In the hands of the modern media, as Taranto explains, the practice of “fact checking” has become more like presenting the opposing argument, especially when the person being opposed is conservative or Republican. As among the clearest examples, he points out some of the media’s attempts to paint Congressman Paul Ryan as a liar (in eerie parallel to its attempts to paint the last GOP vice presidential nominee as an idiot):
… the AP neither disputes nor verifies the factual accuracy of Ryan’s statements. Each of these is simply a tu quoque–an argument against Ryan. Under the guise of fact checking, the AP is simply taking sides in a partisan political dispute. …
The usual conservative complaint about all this “fact checking” is the same as the conservative complaint about the MSM’s product in general: that it is overwhelmingly biased toward the left. But the form amplifies the bias. It gives journalists much freer rein to express their opinions by allowing them to pretend to be rendering authoritative judgments about the facts. The result, as we’ve seen, is shoddy arguments and shoddier journalism.
And that, in turn, does grievous harm to the public’s understanding. As Taranto goes on to suggest, if we define “facts” in about the same way as the political center appears to be defined above, it gives advocates and extremists cover for outright propaganda.
A Softer Kind of Hardship
That imbalance in fact checking leaves it to more explicitly partisan media (or more honestly partisan media) to take on the truth-stretching of the party that the mainstream likes, as Joel Pollack does regarding the Obamas’ early struggles:
Both Michelle Robinson and Barack Obama began their adult lives with a leg up on the rest of America. They attended elite schools: Michelle went to Whitney Young, the public magnet school for Chicago’s upper class, while Barack attended Punahou, the private prep school for the top stratum of Hawaiian society. They were accepted to Ivy League schools despite undistinguished credentials, and both attended Harvard Law School.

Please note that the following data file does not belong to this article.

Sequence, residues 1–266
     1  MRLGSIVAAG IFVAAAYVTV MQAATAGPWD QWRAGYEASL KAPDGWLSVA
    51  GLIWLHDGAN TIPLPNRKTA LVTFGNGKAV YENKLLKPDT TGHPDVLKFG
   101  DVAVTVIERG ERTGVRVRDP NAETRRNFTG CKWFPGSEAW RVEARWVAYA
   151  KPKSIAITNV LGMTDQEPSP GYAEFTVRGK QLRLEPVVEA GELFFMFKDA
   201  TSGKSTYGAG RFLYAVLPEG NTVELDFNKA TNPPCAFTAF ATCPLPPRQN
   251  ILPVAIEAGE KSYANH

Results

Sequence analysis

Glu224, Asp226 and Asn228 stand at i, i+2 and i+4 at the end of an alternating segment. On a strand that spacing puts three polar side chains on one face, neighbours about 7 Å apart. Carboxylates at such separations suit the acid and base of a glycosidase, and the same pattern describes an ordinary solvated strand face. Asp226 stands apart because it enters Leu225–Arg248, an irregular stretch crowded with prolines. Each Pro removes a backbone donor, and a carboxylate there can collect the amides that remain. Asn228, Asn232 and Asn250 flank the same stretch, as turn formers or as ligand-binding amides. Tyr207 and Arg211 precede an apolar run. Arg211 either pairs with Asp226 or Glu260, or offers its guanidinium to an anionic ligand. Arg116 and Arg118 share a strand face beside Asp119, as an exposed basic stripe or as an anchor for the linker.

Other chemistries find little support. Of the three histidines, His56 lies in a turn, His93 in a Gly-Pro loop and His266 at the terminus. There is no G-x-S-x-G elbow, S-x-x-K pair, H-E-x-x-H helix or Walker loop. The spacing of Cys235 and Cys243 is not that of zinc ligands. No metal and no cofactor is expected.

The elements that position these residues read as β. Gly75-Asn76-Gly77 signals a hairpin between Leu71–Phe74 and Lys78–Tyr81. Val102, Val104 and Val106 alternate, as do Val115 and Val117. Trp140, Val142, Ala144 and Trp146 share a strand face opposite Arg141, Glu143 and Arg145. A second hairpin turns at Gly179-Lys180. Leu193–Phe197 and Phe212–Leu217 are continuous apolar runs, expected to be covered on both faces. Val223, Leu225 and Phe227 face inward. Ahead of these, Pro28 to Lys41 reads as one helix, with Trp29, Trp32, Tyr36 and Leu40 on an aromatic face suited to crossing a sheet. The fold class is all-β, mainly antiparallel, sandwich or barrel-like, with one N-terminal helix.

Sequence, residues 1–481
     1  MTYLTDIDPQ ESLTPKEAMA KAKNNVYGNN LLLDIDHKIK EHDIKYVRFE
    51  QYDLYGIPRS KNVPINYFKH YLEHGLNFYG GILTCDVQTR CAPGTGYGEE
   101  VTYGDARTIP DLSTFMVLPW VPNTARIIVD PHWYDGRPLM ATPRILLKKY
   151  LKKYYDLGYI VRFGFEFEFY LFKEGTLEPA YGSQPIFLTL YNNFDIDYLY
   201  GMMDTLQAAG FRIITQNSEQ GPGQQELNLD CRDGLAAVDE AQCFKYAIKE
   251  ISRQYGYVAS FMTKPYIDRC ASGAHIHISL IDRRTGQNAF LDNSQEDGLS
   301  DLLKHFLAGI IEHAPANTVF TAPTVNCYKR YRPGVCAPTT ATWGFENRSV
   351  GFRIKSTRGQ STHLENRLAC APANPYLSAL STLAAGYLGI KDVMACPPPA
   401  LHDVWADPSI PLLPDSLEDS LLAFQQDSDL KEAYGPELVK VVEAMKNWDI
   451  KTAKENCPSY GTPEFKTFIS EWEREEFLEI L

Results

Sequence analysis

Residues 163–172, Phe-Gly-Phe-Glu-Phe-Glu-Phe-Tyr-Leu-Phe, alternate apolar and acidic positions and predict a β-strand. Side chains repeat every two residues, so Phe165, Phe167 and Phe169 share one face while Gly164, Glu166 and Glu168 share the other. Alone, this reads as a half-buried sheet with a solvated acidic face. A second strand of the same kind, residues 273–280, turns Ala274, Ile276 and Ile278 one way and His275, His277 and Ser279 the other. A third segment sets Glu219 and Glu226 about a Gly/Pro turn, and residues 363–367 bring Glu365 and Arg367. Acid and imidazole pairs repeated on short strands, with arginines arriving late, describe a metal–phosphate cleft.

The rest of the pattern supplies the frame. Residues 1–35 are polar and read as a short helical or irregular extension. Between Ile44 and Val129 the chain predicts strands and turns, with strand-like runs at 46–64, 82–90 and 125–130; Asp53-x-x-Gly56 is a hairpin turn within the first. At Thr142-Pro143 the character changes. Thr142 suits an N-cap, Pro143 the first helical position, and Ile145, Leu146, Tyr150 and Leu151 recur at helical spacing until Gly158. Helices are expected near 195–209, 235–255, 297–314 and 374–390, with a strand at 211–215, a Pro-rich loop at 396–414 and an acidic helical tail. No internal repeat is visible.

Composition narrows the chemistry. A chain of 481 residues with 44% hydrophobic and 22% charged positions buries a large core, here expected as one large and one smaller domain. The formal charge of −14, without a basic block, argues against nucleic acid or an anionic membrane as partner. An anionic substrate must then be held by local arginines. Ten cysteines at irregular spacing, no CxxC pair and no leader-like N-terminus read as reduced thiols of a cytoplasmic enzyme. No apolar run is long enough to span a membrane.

Things got better from there.
The U.S. No Longer at the Toppermost of the Poppermost
There are all sorts of difficulties with international comparisons of things like health systems and economies, but the continuing downward trend of the United States on World Economic Forum’s Global Competitiveness Report is worrisome regardless:
The United States took the top spot in the WEF’s Global Competitiveness Index as recently as 2007 and 2008, but then dropped to 2nd place in 2009.
I think Bush bears the full blame for that unfortunate development. But the decline has continued in recent years, and Obama deserves a good part of the blame for the drop to 4th place in 2010.
The U.S. then fell to 5th place last year, in part because of horrible scores for “Wastefulness of Government Spending” (68th place) and “Burden of Government Regulation” (49th place).
Given this dismal trend, I opened the just-released 2012 Report with considerable trepidation. And my fears were justified. The United States has now dropped to 7th place.
Keep in mind that this is competitiveness, not economic activity. One would think that a nation with a struggling economy would have even more reason to ensure that it is competitive. As I suggested yesterday, though, I fear the United States may have a strong contingent interested in pursuing the Rhode Island economic model.
(By the way, for those who don’t recognize my subhead… and those who think me locked into the cultural experience of Gen X… see here, but be aware of some objectionable language.)
Back to September 10
One line in Gov. Chafee’s speech continues to bother me deeply (emphasis added):
In 2001 President Bill Clinton handed the Republicans a surplus. They went on to squander this surplus by launching two wars, expanding the cost of Medicare, and giving tax cuts to the wealthiest Americans – and failing to pay for any of these.
Yeah, we could play political games about the erstwhile Republican’s Clinton-surplus talking point and the fact that Chafee voted for one of those squandering wars. But what’s disturbing is the unqualified joining of Afghanistan and Iraq as a pair of partisan adventures. By “unqualified,” I mean that there’s no mention — not so much as a nod or poorly coordinated hand gesture — to a history-changing day in early September eleven years ago.
Always remember, never forget, right?